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Part 9: Normal Distribution 9-22/42 The Empirical Rule and the Normal Distribution Dark blue is less than one standard deviation from the mean. For the normal distribution, this accounts for about 68% of the set (dark blue) while two standard deviations from the mean (medium and dark blue) account for about 95% and three standard deviations (light, medium, and dark blue) account for about 99.7%.

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Part 9: Normal Distribution 9-23/42 Computing Probabilities P[x = a specific value] = 0. (Always) P[a < x < b] = P[x < b] – P[x < a] (Note, for continuous distributions, < and < are the same because of the first point above.)

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Part 9: Normal Distribution 9-24/42 Textbooks Provide Tables of Areas for the Standard Normal Econometric Analysis, WHG, 2011, Appendix G Note that values are only given for z ranging from 0.00 to No values are given for negative z. There is no simple formula for computing areas under the normal density (curve) as there is for the exponential. It is done using computers and approximations.

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Part 9: Normal Distribution 9-25/42 Computing Probabilities Standard Normal Tables give probabilities when μ = 0 and σ = 1. For other cases, do we need another table? Probabilities for other cases are obtained by standardizing. Standardized variable is z = (x – μ)/ σ z has mean 0 and standard deviation 1

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Part 9: Normal Distribution 9-26/42 Standard Normal Density

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Part 9: Normal Distribution 9-27/42 Only Half of the Table Is Needed The area to left of 0.0 is exactly 0.5.

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Part 9: Normal Distribution 9-28/42 Only Half of the Table Is Needed The area left of 1.60 is exactly 0.5 plus the area between 0.0 and 1.60.

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Part 9: Normal Distribution 9-29/42 Areas Left of Negative Z Area left of -1.6 equals area right of Area right of +1.6 equals 1 – area to the left of +1.6.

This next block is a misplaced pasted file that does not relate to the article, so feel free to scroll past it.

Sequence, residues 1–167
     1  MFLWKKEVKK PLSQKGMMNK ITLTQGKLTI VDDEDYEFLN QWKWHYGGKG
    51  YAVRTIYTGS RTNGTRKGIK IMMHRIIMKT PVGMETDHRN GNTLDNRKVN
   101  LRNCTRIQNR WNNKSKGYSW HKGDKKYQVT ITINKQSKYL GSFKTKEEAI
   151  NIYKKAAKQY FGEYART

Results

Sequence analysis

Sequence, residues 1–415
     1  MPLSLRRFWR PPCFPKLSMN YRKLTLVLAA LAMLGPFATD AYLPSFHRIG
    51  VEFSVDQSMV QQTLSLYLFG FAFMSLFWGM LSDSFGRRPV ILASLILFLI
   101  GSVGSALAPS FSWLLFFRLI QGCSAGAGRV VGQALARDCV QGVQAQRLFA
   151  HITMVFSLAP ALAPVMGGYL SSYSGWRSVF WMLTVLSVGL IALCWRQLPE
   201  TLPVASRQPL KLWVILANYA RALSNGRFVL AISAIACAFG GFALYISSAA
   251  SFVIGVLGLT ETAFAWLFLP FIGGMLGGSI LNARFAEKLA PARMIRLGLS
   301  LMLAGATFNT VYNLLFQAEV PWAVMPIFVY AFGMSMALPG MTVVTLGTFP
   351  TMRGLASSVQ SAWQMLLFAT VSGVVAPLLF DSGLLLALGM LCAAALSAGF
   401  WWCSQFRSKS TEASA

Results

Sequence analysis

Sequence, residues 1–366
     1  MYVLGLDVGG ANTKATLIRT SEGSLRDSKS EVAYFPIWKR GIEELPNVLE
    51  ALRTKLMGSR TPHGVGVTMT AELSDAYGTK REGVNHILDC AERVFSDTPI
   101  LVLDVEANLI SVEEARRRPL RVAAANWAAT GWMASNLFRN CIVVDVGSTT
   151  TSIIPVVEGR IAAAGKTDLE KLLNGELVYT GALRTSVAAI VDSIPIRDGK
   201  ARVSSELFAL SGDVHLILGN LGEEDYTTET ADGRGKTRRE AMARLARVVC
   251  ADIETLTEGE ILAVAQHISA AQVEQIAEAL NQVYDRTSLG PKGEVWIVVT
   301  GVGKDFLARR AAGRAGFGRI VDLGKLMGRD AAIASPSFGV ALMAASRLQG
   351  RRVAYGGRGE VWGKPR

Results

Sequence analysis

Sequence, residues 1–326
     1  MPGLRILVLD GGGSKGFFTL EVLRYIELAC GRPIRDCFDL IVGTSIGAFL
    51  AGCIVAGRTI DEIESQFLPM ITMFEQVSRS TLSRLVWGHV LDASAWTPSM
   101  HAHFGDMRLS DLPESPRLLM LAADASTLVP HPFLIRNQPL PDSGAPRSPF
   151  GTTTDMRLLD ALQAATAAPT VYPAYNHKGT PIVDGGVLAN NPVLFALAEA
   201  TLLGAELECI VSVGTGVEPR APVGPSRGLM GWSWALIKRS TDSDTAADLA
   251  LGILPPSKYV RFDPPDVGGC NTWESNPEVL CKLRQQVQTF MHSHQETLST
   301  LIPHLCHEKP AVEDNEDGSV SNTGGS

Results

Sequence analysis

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Part 9: Normal Distribution 9-30/42 Prob(z < 1.03) =.8485

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Part 9: Normal Distribution 9-31/42 Prob(z > 0.45) =

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Part 9: Normal Distribution 9-32/42 Prob(z +1.36) = =.0869

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Part 9: Normal Distribution 9-33/42 Prob(z > -1.78) = Prob(z < ) =.9625

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Part 9: Normal Distribution 9-34/42 Prob(-.5 < z < 1.15) = Prob(z < 1.15) - Prob(z < -.5) =.8749 – ( ) =.5664

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Part 9: Normal Distribution 9-35/42 Prob(.18 < z < 1.67) = Prob(z < 1.67) - Prob(z < 0.18) =.9525 –5714 =.3811

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Part 9: Normal Distribution 9-36/42 Computing Normal Probabilities when is not 0 and is not 1

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Part 9: Normal Distribution 9-37/42 Computing Probabilities by Standardizing: Example

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Part 9: Normal Distribution 9-38/42 Computing Normal Probabilities If SAT scores are scaled to have a normal distribution with mean 500 and standard deviation 100, what proportion of students would be expected to score between 450 and 600?

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Part 9: Normal Distribution 9-39/42 Modern Computer Programs Make the Tables Unnecessary Now calculate – =

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Part 9: Normal Distribution 9-40/42 Application of Normal Probabilities Suppose that an automobile muffler is designed so that its lifetime (in months) is approximately normally distributed with mean 26.4 months and standard deviation 3.8 months. The manufacturer has decided to use a marketing strategy in which the muffler is covered by warranty for 18 months. Approximately what proportion of the mufflers will fail the warranty? Note the correspondence between the probability that a single muffler will die before 18 months and the proportion of the whole population of mufflers that will die before 18 months. We treat these two notions as equivalent. Then, letting X denote the random lifetime of a muffler, P[ X < 18 ] = p[(X-26.4)/3.8 < ( )/3.8] P[ Z < ] = P[ Z > ] = 1 - P[ Z 2.21 ] = = (You could get here directly using Minitab.) From the manufacturers point of view, there is not much risk in this warranty.

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Part 9: Normal Distribution 9-41/42 A Normal Probability Problem The amount of cash demanded in a bank each day is normally distributed with mean $10M (million) and standard deviation $3.5M. If they keep $15M on hand, what is the probability that they will run out of money for the customers? Let $X = the demand. The question asks for the Probability that $X will exceed $15M.

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Part 9: Normal Distribution 9-42/42 Summary Continuous Distributions Models of reality The density function Computing probabilities as differences of cumulative probabilities Application to light bulb lifetimes Normal Distribution Background Density function depends on μ and σ The empirical rule Standard normal distribution Computing normal probabilities with tables and tools